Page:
The IIHS has released its “Top Safety Picks 2010,” and thanks in part to the addition of roof crush tests that exceed federal standards (4x vehicle weight for an “acceptable” score) , a spot of drama has ensued. Not a single Toyota, Lexus or Scion made the list, for example, causing Toyota’s Irv Miller to lay into the IIHS [via Jalopnik].

In 2009, Toyota won more IIHS Top Safety Pick (TSP) awards than any other manufacturer. Toyota continues to improve vehicle passive and active safety, including improvement of past winners of IIHS TSP. IIHS’ statement that Toyota was shut out for 2010 is extreme and misleading, considering there are 38 Toyota, Lexus and Scion models, and only three were tested for roof strength by IIHS: Camry, RAV4 and Yaris. This is the first year IIHS has included its own roof strength tests, which exceed federal standards, for TSP consideration. All Toyota vehicles meet or exceed Federal Safety Standards for frontal and side impact, roof crush resistance and rollover protection.

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IIHS Demands Increased Roof Crush Standards. Wrong Answer.

There are two main problems with debunking auto-related misconceptions. First, not everyone is ready, willing or able to confront the truth. Second, once you debunk something, it doesn’t stay debunked. TTAC’s Bob Elton dealt with the roof crush standard issue in his editorial “ The Counterintuitive Truth About Roof Crush Standards” back in June 2006. He argued that increasing roof strength only increases the number of rollover accidents. Common sense: the higher a vehicle’s center of gravity, the more likely it will roll. Elton also revealed that “In 74% of cases, roof intrusion was not a factor. Rollover accidents are fatal because the occupants are usually ejected, or partially ejected, during the crash.” And that’s because… they’re not wearing their seat-belts. And yet, The Detroit News reports that “The Insurance Institute for Highway Safety [IIHS] said Wednesday it will require automakers to dramatically increase the strength of vehicle roofs to receive its top safety pick ratings.” The road to hell? You don’t know the half of it…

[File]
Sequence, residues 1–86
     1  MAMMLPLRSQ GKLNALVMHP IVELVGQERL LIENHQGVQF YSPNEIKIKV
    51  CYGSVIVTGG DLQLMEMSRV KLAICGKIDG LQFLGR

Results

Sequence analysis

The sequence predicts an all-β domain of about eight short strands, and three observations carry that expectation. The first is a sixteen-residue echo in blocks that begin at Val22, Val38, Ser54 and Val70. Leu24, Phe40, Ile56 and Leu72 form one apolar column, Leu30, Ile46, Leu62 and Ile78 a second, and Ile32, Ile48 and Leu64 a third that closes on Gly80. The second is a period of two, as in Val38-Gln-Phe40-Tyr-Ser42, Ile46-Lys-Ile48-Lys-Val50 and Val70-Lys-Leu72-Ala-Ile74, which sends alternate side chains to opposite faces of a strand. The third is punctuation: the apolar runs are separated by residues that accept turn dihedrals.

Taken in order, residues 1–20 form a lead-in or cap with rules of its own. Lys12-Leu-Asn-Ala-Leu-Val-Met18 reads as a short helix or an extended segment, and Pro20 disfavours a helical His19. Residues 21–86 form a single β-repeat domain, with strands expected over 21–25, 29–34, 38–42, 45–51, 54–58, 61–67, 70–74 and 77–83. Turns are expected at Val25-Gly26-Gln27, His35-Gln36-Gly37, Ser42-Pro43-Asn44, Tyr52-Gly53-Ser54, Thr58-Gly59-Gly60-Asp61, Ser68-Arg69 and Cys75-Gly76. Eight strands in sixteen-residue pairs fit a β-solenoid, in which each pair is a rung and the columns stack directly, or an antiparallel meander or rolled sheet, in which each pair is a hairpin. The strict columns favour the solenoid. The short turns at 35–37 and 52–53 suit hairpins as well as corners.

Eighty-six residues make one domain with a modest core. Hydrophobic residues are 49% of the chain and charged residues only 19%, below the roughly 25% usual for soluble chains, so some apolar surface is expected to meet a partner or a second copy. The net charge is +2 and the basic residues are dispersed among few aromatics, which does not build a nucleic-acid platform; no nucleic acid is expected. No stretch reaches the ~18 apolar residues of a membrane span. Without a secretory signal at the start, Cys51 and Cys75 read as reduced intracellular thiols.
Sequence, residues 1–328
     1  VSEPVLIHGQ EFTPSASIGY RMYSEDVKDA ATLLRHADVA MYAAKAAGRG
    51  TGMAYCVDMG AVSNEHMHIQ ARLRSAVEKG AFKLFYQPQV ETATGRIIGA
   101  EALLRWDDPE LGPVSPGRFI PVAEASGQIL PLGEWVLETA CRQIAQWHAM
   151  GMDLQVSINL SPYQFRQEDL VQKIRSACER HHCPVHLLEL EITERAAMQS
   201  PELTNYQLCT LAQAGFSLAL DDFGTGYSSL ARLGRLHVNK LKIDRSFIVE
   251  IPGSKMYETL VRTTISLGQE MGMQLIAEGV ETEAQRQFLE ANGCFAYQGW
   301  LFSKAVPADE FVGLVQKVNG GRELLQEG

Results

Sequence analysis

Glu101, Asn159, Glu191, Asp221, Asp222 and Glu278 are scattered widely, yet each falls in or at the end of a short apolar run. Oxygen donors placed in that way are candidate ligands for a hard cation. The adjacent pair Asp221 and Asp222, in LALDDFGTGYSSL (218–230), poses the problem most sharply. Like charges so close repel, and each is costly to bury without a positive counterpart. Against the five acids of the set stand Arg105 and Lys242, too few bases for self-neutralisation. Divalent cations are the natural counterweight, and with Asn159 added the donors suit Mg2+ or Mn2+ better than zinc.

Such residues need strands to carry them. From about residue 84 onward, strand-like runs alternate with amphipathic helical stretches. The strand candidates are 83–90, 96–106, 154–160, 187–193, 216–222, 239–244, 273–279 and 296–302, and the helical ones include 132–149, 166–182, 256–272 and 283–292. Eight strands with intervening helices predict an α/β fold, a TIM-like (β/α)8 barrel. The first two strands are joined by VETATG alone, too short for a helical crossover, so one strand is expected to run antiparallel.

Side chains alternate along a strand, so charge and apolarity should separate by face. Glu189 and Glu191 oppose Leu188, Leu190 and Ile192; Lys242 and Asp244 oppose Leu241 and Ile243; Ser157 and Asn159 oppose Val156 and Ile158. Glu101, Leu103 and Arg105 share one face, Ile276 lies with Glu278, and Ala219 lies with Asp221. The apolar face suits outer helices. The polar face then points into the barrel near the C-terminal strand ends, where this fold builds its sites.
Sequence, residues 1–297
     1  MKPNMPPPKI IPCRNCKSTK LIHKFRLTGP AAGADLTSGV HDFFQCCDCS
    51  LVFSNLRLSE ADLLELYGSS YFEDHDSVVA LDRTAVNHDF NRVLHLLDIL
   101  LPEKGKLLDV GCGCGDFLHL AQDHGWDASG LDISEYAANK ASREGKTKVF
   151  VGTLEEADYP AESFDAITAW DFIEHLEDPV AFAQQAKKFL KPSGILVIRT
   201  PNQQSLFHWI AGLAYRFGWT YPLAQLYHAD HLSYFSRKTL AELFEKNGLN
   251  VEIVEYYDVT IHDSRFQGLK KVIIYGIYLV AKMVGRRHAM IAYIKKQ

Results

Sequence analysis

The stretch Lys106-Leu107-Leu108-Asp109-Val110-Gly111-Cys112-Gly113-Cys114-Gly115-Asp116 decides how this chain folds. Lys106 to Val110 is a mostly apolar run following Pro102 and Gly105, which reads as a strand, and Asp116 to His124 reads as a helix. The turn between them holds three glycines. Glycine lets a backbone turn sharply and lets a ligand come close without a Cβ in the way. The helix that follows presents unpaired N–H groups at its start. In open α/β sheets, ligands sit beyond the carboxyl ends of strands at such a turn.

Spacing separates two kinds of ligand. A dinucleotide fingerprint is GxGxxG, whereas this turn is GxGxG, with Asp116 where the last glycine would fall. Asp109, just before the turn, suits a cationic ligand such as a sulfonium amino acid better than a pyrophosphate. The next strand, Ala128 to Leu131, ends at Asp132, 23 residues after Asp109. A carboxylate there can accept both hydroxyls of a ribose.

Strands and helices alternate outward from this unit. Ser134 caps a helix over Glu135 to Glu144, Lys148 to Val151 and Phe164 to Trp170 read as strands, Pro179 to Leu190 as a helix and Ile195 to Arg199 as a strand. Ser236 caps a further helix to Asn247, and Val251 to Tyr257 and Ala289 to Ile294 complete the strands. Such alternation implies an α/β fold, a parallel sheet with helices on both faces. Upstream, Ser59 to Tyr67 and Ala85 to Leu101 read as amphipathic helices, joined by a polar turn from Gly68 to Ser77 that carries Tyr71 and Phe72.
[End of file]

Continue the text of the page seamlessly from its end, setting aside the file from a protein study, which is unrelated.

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  • Ravenuer 15 Overpriced Vehicles? I'd say they all are.
  • Ravenuer Bought a new 96 GXE. Paid $25002 for it. Hands down the best, most reliable car I ever owned! Put 300k on it with only minor repairs. Miss it.
  • Bfisch81 My friend's mom bought a fully loaded 96 and I remember really liking it. I still thought my granddad's 89 was cooler and sportier but the 96 felt more luxury which wasn't a bad thing in and of itself.
  • Art Vandelay Battery issues aside, I didn’t hate it. I’d have just been paying for range I didn’t need.
  • THX1136 Saying that because 'marked up' vehicles are selling means they are not over priced assumes the folks paying over MSRP know that they are paying more than the manufacturer price set for the vehicle and are happy to do so. I'm guessing in some instances it may be the buyer is ignorant of the situation - or buys with a 'I gotta have it now, I can't wait' attitude. As others have mentioned if one does the work to find a fair price, they don't have to pay an inflated price. Laziness enters into the equation too. But I would agree, generally, that if folks are paying an unreasonably high price they must be okay with that. If demand drops significantly, prices would moderate. Big if.